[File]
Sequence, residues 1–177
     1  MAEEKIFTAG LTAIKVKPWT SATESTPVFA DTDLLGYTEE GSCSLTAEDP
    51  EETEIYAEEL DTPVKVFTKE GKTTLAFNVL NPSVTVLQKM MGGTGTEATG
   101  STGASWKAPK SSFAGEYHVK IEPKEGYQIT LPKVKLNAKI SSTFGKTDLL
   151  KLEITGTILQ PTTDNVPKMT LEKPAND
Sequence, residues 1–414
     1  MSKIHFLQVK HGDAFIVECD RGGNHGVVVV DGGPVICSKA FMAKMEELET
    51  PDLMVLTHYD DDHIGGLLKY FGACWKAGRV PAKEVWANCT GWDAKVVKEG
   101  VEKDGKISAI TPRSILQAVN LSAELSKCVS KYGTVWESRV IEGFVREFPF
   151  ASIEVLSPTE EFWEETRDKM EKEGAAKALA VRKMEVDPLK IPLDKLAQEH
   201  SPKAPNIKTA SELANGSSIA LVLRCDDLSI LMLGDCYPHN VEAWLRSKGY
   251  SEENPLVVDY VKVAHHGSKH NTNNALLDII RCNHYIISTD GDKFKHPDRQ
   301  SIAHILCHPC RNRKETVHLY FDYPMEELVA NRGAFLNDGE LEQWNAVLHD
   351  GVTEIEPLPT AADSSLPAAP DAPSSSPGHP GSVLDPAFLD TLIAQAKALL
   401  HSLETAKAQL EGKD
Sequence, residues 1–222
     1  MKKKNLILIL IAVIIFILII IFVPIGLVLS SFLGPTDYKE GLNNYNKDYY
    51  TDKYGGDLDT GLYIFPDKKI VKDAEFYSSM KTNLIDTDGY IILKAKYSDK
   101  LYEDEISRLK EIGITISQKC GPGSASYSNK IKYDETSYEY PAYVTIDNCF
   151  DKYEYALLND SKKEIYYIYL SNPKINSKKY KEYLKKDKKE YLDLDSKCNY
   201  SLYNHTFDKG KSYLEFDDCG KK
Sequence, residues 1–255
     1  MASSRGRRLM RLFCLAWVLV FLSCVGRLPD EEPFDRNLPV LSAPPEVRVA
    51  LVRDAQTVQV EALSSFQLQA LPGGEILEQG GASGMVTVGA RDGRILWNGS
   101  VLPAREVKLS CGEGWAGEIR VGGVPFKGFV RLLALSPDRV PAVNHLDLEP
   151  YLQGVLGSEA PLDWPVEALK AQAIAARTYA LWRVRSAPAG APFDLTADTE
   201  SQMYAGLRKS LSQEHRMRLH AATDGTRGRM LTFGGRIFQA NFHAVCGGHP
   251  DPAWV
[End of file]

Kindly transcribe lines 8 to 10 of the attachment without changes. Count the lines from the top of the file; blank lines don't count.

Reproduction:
    51  PDLMVLTHYD DDHIGGLLKY FGACWKAGRV PAKEVWANCT GWDAKVVKEG
   101  VEKDGKISAI TPRSILQAVN LSAELSKCVS KYGTVWESRV IEGFVREFPF
   151  ASIEVLSPTE EFWEETRDKM EKEGAAKALA VRKMEVDPLK IPLDKLAQEH